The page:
Track and Field

Day four report: TGI Friday for sprint fans – IAAF World Junior Championships, Oregon 2014

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Athletics fans of a certain generation will remember the 60s worldwide hit ‘Friday On My Mind’ and more than a few were humming The Easybeats' famous standard in Hayward Field after Trentavis Friday took the 200m title at the IAAF World Junior Championships, Oregon 2014 on the appropriate day of the week.

Friday sped around the curve and clocked the stunning time of 20.04; the fastest time ever seen for what the locals in Eugene like to call the furlong. He was only deprived a championship record – which still belongs to Italy’s Andrew Howe at 20.28 from 2004 – thanks to a slightly over-the-limit following wind of 2.3m/s.

However, a rough calculation suggests that if the wind had eased just a little, then Howe would no longer be the record holder.

Day three report: Ooh la la, Belocian becomes the first junior hurdler under 13 seconds – IAAF World Junior Championships, Oregon 2014

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Wilhem Belocian carried on the French tradition of producing outstanding hurdlers – think Guy Drut, Ladji Doucoure and the number one man in the world at the moment Pascal Martinot-Lagarde – when he became the first junior athlete to run the 110m hurdles faster than 13 seconds with a world junior record of 12.99.

Belocian’s time over the 99cm barriers meant that world junior records (subject to ratification) have been set on successive days at the IAAF World Junior Championships, Oregon 2014, after the 10,000m race walk standard was improved by Czech Republic’s Anezka Drahotova on Tuesday.

The European junior champion stormed out of the blocks first and the teenage talent steadily increased his lead with a seamless run over the 10 hurdles, with a 0.5m/s tailwind.

Belocian had talked about setting a world junior record from the start of the year and had clocked a European junior record of 13.15 recently but his margin of improvement over the previous world record of 13.14, set by the USA’s Eddie Lovett in 2011, was still jaw-dropping.

Come rain or shine, Drahotova's fine after world record walk

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Anezka Drahotova couldn’t hide her joy following her world junior record* in the 10,000m race walk, the first of the IAAF World Junior Championships, Oregon 2014, but is already setting bigger goals at the senior level.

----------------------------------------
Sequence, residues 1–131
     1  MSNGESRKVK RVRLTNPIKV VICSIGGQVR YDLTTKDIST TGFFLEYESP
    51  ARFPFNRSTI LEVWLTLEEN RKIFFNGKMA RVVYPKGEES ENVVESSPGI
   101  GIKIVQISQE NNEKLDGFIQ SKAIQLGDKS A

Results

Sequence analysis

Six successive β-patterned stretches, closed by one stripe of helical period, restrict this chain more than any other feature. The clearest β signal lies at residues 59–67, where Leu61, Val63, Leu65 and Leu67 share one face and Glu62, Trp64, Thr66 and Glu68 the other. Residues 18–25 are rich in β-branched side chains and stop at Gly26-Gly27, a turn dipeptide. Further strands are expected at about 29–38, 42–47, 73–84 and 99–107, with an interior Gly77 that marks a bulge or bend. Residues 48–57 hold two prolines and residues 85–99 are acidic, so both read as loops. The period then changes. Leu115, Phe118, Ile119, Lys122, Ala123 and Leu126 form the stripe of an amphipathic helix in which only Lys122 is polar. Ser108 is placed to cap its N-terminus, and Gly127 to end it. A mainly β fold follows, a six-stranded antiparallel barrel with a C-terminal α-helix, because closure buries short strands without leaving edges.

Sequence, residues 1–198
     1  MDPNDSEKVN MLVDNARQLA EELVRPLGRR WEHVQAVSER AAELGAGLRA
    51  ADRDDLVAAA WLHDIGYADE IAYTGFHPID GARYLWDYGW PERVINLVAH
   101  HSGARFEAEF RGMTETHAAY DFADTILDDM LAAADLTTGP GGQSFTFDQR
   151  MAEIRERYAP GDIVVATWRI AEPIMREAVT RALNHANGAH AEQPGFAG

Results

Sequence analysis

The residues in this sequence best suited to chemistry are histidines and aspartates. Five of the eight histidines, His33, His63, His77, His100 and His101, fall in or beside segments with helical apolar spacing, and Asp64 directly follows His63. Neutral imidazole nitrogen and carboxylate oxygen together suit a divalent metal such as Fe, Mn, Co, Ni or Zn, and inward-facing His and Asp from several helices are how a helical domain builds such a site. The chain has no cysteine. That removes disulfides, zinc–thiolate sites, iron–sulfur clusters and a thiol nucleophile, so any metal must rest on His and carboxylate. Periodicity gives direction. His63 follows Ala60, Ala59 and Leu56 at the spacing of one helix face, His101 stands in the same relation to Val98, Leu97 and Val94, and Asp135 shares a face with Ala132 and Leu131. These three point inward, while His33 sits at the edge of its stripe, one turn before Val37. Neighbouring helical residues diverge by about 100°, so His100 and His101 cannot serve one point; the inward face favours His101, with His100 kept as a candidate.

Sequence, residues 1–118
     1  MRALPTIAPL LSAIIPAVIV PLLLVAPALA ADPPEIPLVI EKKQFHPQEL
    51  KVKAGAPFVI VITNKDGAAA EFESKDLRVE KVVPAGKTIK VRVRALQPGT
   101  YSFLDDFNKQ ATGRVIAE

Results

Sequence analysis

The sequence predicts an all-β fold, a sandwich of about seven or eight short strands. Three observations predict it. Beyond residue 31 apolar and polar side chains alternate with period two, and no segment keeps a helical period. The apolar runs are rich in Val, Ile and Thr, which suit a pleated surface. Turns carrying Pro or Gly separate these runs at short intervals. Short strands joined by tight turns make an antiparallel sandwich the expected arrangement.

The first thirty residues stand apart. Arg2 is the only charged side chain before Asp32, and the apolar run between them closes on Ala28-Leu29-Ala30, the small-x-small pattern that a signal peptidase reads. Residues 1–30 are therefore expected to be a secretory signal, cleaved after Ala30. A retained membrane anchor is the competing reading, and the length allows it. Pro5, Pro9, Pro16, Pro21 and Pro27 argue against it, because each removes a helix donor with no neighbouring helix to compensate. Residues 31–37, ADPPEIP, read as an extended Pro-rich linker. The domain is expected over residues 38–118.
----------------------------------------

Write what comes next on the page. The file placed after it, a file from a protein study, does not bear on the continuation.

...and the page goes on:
“It is a very special feeling. I expected the world record. Before going to bed, I thought it would a dream to break it here, but first I wanted to win and then go for the world record. I was really motivated for this race,” a smiling Drahotova told reporters following her 42:47.25 performance at Hayfield Field on the second day in Eugene.

She credited her twin sister, Eliska, for a hand in the world record. “I appreciate having her by my side.” Eliska, third at the 2013 European Junior Championships, didn’t make it to the finish line on this occasion as she was disqualified.

In addition to 36 rivals on the start line, the versatile athlete had to battle steady rain during the time she was on the track, but neither her opponents nor the elements proved to be much of an obstacle.

Day one report: Cheptegei adds to Ugandan gold reserves – Oregon 2014

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Uganda’s Joshua Cheptegei, the only junior to run faster than 28 minutes this year, fulfilled his role as favourite for the men’s 10,000m by triumphing over 25 laps of the track at Hayward Field in 28:32.86 to take the first gold medal of the IAAF World Junior Championships, Oregon 2014, on Tuesday (22).

Cheptegei held off a strong challenge from the Kenyan duo Elvis Cheboi and Nicholas Kosimbei in the final two laps, finishing with final 400m of 59.6, to capture a memorable victory.

Cheboi came home second after being unable to respond to Cheptegei's final move with 200 metres to go, crossing the line in 28:35.20, while Kosimbei was third in 28:38.68.

After four events in the heptathlon, Great Britain’s Morgan Lake leads at the end of the first day with a total of 3821 points.

Kiplagat shows his class with 3:27.64 in Monaco – IAAF Diamond League

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Silas Kiplagat produced the shock of the IAAF Diamond League meeting in Monaco as he outsprinted a Kenyan compatriot who had been targeting a world record here, Asbel Kiprop, to win the 1500m in 3:27.64 on Friday (18).

Kiplagat’s thrilling performance made him the fourth fastest man in history.

His mark was, of course, the best run this year, and an IAAF Diamond League record, trimming 0.08 off the time Kiprop set in winning here last year.

For the two-time world champion, who finished in a season’s best of 3:28.45, it was a huge anti-climax after he had prepared for a supposed attempt on Hicham El Guerrouj’s 16-year-old world record of 3:26.00 by setting the fastest 800m time of the year, 1:43.34, at the IAAF Diamond League meeting in Paris earlier this month.

“At 1200m I knew the race was too slow,” said Kiprop. “We went through in 2:47 and I had asked for 2:45. In the home straight, I could see the others behind me on the big screen and I knew they would get back on me. I could see Silas coming closer and closer. It was a tough race.”